Up until now, the issue of using hydrogen fuel cells as alternative sources of power has been a matter of debate. They required fossil fuels for production, needed external inputs of electricity to operate, and were too expensive to be considered as an all-encompassing solution to the global climate crisis.  Enter the mighty microbe and a team of brilliant US researchers to provide a little hope for hydrogen.

An article recently published in the National Academy of Sciences describes the newly developed “MEC”, or Microbial Electrolysis Cell which generates its own hydrogen without the aid of external electricity.  Through a process called Reverse Electrodialysis, the cell uses fresh and saltwater membranes to generate and collect power from charged particles created between the gradients. In addition, the microbes manufacture hydrogen gas and small amounts of electricity by breaking down organic material.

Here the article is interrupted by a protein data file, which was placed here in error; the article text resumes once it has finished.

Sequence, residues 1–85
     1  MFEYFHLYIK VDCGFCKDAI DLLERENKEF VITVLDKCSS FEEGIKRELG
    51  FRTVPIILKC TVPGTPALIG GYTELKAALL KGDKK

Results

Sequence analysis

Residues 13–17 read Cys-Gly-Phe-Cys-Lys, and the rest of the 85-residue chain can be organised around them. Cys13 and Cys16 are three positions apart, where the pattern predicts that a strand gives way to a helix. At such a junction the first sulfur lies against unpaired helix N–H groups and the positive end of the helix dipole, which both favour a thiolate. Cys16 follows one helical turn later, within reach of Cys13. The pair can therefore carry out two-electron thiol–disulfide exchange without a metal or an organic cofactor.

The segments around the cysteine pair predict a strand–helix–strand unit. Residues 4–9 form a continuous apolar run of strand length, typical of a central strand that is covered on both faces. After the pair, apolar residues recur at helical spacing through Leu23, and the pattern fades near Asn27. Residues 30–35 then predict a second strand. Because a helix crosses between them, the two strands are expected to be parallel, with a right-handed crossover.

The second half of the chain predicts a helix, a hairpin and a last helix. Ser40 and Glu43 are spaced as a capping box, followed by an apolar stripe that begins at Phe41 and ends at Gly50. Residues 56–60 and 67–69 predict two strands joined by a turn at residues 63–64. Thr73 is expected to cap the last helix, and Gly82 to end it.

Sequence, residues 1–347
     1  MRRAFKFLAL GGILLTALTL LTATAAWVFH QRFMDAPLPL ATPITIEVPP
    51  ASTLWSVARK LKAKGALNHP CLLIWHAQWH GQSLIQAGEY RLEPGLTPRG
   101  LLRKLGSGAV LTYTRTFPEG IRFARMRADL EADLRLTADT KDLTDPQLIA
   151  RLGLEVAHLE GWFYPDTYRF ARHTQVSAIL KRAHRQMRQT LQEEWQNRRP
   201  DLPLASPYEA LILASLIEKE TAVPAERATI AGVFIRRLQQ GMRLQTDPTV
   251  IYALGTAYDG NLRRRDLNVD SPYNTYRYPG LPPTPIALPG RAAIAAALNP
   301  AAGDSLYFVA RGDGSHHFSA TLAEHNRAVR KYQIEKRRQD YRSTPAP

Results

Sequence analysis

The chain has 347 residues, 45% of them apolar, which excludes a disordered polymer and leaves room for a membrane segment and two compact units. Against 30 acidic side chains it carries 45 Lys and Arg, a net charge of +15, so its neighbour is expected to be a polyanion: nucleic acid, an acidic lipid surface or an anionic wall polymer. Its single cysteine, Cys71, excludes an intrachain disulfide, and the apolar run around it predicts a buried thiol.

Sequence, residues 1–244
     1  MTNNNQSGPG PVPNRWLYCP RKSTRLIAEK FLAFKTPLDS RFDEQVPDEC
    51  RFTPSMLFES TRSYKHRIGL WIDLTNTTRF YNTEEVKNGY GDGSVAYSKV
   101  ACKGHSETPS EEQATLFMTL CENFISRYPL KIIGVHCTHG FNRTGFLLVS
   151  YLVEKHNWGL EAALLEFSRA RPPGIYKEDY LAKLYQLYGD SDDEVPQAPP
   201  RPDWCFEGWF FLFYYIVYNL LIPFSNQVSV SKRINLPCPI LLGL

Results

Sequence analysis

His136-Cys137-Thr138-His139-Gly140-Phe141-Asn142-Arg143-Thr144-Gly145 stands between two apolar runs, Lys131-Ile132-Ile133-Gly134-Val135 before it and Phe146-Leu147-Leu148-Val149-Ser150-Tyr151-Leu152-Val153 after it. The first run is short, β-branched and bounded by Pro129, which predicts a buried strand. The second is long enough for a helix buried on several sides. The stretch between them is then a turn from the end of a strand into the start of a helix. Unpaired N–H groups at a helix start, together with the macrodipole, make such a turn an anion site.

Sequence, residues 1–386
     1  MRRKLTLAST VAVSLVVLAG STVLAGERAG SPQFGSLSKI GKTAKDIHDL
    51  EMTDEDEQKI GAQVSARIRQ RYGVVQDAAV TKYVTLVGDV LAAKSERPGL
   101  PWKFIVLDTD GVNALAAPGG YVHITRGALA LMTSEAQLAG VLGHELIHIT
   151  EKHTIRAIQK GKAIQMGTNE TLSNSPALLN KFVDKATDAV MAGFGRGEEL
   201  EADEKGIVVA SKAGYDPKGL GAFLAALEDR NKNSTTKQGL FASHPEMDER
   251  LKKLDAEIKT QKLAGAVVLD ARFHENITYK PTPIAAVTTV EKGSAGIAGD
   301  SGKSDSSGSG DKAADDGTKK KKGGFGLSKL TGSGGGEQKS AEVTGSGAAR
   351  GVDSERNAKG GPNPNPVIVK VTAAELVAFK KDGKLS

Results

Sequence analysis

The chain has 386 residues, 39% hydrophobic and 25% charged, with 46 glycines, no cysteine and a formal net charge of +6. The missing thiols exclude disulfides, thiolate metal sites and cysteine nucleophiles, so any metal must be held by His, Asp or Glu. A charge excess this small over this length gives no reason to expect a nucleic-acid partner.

This type of hydrogen fuel technology has implications far beyond transportation. Without drawing power from the grid, MEC’s could also be used to treat waste water, refine oil, and process and stabilize foods. Like most new, experimental inventions, the MEC is costly and would benefit from investment and large scale production to get it off the ground. At the moment the Cell in on display at London’s Science Museum, and will hopefully be ready for real-world application some time in the near future.

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FEATURED PHOTO: Hydrogen power plant in Japan (Wikipedia)